No. Name Age Sex State Bacteria species cultured* Symptoms
          EC KL PV CF PA C  
1 MW 45 F IL X X         Loose stools, gas, severe food allergies, poor digestion, stressed immune system
2 RB 76 F VA X X         Discomfort in stomach area
3 KB 19 F VA X   X       Intermittent abdominal cramps, diarrhea, nausea, gluten sensitivities
4 LF 17 F VT X   X       IBS, fatigue
5 RN ? M AZ X X   X     Anal itching
6 SG 57 F VA X         X No apetite, extreme fatigue, headaches, insomnia, brain fog
7 GH 37 F CA X   X   X   Bloating, gas, passing mucus w/t stool, constipation, water retention, insomnia, cramps
8 BS 28 F NV X X X       Bloating, fatigue, cramping, upset, hardening of stomach
9 BT 23 F IN X X   X     Cramping, vomiting, diarrhea, blood in stool, anal itching
10 CF 9 F VA X X         Food allergies, not responding to acupuncture
11 KM 38 M CA X X   X     Lower GI cramps, gas, bloating
12 DS 48 F VA X X   X     Acidic taste in mouth, stomach acid reflex
13 BP 7 M VT X X         Flatulence, anal itching, hyperactivity, bed wetting, teeth grinding
14 TM 36 F FL X X   X     IBS, constipation, diarrhea, malabsorption, fatigue, bloating, foul gas, acne, insomnia,
                      frequent urination, low immune, acne, hormonal dysfunction
15 LD 47 F AZ X X X       Inflamed intestine, ulcers, vomiting, abdominal pain
16 LP 46 F NY X X X       Yellow odorous stools, diarrhea for 2 yr, elevated liver enzymes, enlarged spleen & liver,
                      fluid retention, hair loss, acne, rashes
17 GB 46 M CA X X         Anal itching, bleeding
18 CB 80 M AZ X X         Chronic diarrhea
19 LP 45 M VT X X   X     Constant flatulence, bumps on scalp, stomachaches, insomnia, fungus on toe nail
20 SH 60 M VA X     X     GI problems, fatigue, skin cancer, adrenal & thyroid problems, heart palpitations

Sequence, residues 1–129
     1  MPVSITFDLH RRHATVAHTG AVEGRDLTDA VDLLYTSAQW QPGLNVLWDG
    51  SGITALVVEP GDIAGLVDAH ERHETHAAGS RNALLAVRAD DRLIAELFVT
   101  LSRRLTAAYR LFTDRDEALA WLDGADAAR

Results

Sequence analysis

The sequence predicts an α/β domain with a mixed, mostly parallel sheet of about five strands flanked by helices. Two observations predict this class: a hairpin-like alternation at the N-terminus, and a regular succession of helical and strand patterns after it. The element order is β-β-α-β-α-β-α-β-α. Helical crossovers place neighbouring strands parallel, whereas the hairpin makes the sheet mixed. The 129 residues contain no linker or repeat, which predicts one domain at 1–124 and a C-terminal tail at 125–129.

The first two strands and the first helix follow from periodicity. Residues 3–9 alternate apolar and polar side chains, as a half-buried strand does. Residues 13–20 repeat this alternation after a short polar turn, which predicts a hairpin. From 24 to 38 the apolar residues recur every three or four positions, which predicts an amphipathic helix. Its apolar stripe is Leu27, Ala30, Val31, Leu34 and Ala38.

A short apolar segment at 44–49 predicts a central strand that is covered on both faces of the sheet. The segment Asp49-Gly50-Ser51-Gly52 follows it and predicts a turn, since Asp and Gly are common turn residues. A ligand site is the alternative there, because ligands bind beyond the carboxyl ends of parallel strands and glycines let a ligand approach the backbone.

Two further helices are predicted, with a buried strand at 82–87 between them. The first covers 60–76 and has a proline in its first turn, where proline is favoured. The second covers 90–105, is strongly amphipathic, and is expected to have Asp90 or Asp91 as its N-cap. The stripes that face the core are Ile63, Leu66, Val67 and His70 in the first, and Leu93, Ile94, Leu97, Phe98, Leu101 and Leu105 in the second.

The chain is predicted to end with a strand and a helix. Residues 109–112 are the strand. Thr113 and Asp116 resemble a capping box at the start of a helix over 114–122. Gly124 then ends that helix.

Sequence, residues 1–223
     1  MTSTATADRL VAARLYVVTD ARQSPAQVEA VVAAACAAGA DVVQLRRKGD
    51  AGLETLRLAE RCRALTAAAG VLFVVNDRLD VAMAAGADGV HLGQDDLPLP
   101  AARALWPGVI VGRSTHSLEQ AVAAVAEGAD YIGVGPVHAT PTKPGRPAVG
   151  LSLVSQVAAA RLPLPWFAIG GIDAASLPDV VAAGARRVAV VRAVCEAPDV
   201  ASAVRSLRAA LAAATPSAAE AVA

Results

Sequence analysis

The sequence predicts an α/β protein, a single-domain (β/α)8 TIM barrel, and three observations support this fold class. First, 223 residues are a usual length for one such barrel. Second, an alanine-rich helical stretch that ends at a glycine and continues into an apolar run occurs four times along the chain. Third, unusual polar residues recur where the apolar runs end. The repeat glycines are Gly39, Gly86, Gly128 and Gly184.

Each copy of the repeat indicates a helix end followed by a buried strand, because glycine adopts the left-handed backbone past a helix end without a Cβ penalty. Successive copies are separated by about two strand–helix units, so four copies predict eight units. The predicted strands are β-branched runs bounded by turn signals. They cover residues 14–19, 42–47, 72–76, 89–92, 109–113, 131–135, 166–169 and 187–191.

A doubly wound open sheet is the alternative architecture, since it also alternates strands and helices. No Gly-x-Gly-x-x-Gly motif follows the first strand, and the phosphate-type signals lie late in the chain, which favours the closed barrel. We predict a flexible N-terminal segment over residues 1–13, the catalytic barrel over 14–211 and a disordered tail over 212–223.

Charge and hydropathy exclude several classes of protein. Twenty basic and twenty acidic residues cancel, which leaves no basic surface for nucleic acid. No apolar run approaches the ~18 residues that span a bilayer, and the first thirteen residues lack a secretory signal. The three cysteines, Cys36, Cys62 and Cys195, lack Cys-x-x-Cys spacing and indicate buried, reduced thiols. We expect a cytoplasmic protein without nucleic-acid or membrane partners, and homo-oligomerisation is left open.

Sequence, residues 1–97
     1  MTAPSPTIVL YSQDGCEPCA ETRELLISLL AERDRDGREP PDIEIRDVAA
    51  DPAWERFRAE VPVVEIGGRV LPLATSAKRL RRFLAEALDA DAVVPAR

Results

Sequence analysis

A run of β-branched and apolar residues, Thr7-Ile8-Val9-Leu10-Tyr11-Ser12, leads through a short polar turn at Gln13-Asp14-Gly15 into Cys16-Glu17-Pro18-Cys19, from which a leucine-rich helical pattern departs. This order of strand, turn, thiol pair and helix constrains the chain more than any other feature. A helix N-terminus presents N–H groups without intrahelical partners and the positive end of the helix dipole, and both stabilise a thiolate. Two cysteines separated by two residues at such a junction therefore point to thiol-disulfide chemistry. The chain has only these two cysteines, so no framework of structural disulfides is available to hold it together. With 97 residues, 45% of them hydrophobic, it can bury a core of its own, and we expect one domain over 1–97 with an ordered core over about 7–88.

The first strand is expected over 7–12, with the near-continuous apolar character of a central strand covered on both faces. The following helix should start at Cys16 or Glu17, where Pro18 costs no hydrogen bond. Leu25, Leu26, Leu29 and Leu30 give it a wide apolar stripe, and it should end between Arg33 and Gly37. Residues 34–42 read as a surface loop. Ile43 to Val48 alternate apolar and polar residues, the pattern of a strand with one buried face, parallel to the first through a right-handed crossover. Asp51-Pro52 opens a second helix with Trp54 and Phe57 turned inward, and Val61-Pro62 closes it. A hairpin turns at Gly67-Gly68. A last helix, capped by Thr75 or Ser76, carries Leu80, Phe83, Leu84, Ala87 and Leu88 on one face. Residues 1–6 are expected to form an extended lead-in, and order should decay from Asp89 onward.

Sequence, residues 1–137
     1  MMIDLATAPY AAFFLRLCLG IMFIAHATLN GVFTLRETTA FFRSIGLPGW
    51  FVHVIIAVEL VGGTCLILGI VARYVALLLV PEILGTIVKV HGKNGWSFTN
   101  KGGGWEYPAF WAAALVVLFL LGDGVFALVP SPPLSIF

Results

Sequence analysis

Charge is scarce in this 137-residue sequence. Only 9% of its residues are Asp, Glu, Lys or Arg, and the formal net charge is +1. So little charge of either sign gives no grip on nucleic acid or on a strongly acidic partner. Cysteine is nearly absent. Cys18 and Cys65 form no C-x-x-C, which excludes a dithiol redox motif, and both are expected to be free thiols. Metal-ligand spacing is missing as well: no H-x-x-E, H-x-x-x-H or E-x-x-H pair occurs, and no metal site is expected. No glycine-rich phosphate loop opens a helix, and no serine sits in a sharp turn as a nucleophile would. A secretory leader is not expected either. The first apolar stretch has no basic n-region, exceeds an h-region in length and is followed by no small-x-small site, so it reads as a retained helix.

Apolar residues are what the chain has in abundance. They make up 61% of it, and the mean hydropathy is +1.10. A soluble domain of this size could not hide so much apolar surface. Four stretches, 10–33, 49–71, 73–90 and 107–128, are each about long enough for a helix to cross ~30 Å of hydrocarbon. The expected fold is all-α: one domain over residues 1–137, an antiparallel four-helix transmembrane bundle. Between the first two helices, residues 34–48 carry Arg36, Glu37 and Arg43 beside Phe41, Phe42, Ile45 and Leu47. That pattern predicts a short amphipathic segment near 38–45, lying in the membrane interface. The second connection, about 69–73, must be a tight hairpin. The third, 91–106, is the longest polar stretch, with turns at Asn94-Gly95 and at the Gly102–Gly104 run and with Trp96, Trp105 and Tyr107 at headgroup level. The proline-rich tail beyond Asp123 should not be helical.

21 AS 31 F VA X X         Abdominal pain, gas, fatigue, brain fog, headaches, joint pain, hair loss, sinus congestion,
                      body aches, night sweats
22 MB 43 F VA X X         Digestive problems, rash on ankle & arm, Staph. Infection on same ankle
23 MD 2 F NY X X   X     Bloating, stomach discomfort, chest pain, hunger
24 PT 4 M VA X           Food allergies
25 SW 42 F KY X X         Stmach & intestine "blubbing up," can't digest, rectal proplapse, reflex, insomnia, nervous
26 HP 5 F VT X X         Flatulence, stomachache, always hungry, bloating, mood swings, bed wetting
27 TT 50 F CA X X   X     Digestive distress. Gluten sensitive
28 RB 58 M NM X   X       Bowel trouble, diarrhea, difficulty in digestion, swollen abdomen
29 MW 68 F AZ X X         Diarrhea, vomiting
30 LB 31 M PA X     X     Constipation, fatigue, underweight, hypotension
31 KS 54 F CA X   X       Diarrhea over a yr, stomachaches. Spasms, soar throat, lung congestion, hair breaking,
                      depression, heart palpitation
32 AC 45 F TX X X X       Bloating, fatigue, itching, gas, shingles, caugh, skin infections, allergies, headaches
33 AN 33 F VA X     X     Loose stools, digestive issues, fatigue
34 AC 65 M PA X X         IBS, prostatitis